Shepherd Bend Mine Summary Statement

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 Update: click here for our statement on Drummond’s 6/19/15 announcement

Summary Statement

Black Warrior Riverkeeper opposes Shepherd Bend Mine, which would discharge polluted water from coal mining out of 29 points into the Black Warrior’s Mulberry Fork directly across the river from and upstream of a major drinking water intake for 200,000 daily customers of the Birmingham Water Works Board (BWWB). We are proud to partner with a large and growing coalition of numerous businesses, community groups, religious groups, nonprofit organizations, student organizations, government groups, scientists, public health advocates, students, concerned citizens, and drinking water consumers to point out the risks of permitting a coal mine so close to a major Birmingham drinking water source. We urge the UA Board of Trustees to take a strong stance against the mine, helping to ensure this valuable drinking water source is protected for future generations. We are especially thankful for Cordova community leaders as well as students from colleges across the state who have worked hard to educate others and publicize the potential impacts of Shepherd Bend Mine.

Source water protection is widely regarded as a critical and cost-effective way to ensure a clean source of drinking water for future generations. In protecting drinking water sources there are many corollary benefits such as healthy watersheds, good water quality, wildlife habitat, recreational opportunities, and healthy communities. Without a healthy watershed — the land area that drains to a particular body of water — it is impossible to have a clean water source. The two go hand-in-hand, which is why the concept of source water protection has been embraced by states, water providers, agencies, local and national organizations, associations, and communities across the United States. Permitting a coal mine to operate adjacent to a water source flies in the face of existing science and reason. Top American scientists put their reputations on the line to support that assertion in 2014.

Despite widespread opposition, on October 19, 2010 the Alabama Surface Mining Commission (ASMC) issued a permit to Drummond Company-owned Shepherd Bend, LLC to mine 286 acres. The BWWB announced on November 17, 2010 that they were appealing this ASMC permit. The BWWB has offered detailed information as to how the wastewater discharges from the mine will introduce toxic pollutants and sediment into the water, potentially leading to increased treatment costs (paid for by their customers: all Birmingham-area water consumers), decreased water quality, and possible health risks. Rate increases to pay for additional drinking water treatment amount to ratepayers paying the costs of pollution treatment externalized by Drummond Company, whose pursuit of profits trumps their responsibility to adequately treat wastewater leaving the mine site. The BWWB also stated that a mine this close to a major drinking water intake would be “incompatible” and “unprecedented.”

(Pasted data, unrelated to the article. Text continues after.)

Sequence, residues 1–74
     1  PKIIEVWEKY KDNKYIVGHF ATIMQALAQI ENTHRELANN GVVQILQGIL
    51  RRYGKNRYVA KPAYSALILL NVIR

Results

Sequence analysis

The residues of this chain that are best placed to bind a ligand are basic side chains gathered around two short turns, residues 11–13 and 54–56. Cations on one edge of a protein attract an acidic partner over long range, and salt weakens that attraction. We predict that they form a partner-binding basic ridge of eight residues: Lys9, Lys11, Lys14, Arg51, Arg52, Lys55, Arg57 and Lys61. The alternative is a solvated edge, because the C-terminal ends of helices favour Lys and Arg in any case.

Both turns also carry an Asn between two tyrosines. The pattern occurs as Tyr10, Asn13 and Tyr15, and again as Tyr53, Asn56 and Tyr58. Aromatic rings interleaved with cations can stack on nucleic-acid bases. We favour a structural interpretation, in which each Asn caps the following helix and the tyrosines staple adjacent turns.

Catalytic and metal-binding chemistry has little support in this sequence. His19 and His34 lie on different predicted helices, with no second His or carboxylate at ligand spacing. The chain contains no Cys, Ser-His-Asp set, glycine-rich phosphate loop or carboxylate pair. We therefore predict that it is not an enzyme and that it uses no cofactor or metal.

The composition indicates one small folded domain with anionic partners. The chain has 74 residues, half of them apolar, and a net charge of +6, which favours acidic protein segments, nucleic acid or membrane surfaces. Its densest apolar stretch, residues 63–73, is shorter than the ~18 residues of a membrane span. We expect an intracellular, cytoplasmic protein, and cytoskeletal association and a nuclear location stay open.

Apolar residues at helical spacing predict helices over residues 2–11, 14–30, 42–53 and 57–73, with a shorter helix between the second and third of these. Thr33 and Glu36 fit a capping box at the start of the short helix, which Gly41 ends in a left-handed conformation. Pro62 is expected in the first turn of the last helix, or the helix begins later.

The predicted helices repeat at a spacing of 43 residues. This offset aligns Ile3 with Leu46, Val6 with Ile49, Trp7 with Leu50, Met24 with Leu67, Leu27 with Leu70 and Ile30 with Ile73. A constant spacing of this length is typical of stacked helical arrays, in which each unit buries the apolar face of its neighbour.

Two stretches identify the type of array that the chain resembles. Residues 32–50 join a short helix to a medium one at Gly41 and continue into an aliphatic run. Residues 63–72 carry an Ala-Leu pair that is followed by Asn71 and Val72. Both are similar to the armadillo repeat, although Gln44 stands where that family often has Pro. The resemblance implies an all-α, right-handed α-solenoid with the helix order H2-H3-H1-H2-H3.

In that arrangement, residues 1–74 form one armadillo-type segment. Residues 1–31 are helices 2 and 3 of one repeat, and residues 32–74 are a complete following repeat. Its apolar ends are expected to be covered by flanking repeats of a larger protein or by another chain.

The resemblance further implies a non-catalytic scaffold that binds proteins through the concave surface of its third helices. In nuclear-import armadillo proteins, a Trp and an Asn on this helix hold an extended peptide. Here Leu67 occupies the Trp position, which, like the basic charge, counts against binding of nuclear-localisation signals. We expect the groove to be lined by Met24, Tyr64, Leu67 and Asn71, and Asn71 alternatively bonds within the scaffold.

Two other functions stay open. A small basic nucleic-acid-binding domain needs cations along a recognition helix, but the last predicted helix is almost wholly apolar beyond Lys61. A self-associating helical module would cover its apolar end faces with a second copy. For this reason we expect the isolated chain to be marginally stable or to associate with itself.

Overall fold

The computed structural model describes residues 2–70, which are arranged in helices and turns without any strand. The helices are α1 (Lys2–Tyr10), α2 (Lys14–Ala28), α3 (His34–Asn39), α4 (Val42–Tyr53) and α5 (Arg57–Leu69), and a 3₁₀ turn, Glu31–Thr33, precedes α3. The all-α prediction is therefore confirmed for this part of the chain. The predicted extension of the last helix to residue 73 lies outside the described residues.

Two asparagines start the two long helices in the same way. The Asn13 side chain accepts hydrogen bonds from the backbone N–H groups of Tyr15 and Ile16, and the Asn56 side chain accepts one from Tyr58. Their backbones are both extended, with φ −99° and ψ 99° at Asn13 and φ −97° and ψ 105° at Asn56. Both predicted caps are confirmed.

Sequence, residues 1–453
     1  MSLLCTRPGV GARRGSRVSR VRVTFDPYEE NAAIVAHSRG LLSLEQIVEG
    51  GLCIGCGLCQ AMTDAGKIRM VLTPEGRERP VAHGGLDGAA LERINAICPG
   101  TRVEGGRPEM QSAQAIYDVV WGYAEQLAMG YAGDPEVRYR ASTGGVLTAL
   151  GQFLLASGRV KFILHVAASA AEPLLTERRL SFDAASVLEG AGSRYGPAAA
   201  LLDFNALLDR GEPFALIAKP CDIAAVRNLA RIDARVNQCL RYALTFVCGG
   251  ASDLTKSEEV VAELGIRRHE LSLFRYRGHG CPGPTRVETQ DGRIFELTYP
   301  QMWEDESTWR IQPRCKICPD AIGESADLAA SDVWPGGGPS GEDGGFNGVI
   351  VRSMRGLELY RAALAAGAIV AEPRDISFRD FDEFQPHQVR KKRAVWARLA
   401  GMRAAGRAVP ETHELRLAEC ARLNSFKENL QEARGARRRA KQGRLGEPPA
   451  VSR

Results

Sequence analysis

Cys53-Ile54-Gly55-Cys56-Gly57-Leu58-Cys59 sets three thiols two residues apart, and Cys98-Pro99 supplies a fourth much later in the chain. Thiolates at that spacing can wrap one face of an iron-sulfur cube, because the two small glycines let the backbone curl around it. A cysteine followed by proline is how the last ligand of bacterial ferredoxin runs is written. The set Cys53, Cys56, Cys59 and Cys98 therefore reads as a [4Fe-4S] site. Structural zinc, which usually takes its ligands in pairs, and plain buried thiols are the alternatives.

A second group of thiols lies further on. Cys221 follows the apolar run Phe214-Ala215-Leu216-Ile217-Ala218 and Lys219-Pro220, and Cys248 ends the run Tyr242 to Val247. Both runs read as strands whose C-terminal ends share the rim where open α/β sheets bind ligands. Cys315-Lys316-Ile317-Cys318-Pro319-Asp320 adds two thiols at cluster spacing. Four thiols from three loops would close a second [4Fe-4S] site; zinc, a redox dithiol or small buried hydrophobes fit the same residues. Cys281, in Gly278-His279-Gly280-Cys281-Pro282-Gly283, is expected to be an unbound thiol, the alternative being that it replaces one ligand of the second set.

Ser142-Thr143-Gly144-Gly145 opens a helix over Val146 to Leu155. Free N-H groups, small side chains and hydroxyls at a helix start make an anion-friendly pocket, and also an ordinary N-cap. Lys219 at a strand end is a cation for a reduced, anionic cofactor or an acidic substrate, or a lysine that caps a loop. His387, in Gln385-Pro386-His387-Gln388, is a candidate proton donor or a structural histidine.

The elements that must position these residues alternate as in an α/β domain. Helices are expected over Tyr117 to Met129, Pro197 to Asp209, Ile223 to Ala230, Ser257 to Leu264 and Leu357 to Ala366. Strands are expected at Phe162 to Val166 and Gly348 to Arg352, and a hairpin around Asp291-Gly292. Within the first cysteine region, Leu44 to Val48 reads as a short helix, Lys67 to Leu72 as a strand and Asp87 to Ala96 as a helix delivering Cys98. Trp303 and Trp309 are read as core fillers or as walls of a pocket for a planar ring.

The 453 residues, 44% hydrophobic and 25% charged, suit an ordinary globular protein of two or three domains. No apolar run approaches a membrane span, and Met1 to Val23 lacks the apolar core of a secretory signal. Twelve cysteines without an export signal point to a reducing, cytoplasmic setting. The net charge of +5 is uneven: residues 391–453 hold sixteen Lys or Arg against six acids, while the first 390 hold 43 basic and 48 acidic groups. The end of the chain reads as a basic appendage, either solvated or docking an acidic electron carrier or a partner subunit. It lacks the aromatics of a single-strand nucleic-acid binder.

Of the 286 acres permitted for mining by ASMC, Shepherd Bend, LLC only has the leases necessary to start mining an initial increment of 38 acres. If Shepherd Bend, LLC chooses to mine beyond that first small increment, they will have to obtain leases from other property owners, including the University of Alabama, the major owner of both land and mineral rights at Shepherd Bend. In 2007, UA actively requested coal mining proposals for this property. In the face of increasing public pressure and media coverage, UA has subsequently retreated to the oft-repeated statement, “The University has not been approached about leasing the land and has no current plans to lease or sell the land.” UA is one of the nation’s leading public universities, which places an “emphasis on leadership as a primary role of the flagship University of the State of Alabama.” We and countless partners have consistently asked UA Trustees to take a leadership position on this pivotal issue, to no avail.

On March 15, 2011, a resolution was passed unanimously by the Birmingham City Council “imploring the University of Alabama System to neither sell nor lease their significant land and mineral holdings to allow coal mining at Shepherd Bend.” The resolution was certified by Mayor William Bell’s signature. Meanwhile, concerned UA System students began an ongoing petition to UA leaders that now has over 11,000 signatures. Last but not least, the UA Community Service Center named Black Warrior Riverkeeper intern Caitlin McClusky its 2012 Volunteer of the Year award winner. Caitlin was specifically recognized for helping Black Warrior Riverkeeper and UA ECo oppose Shepherd Bend Mine.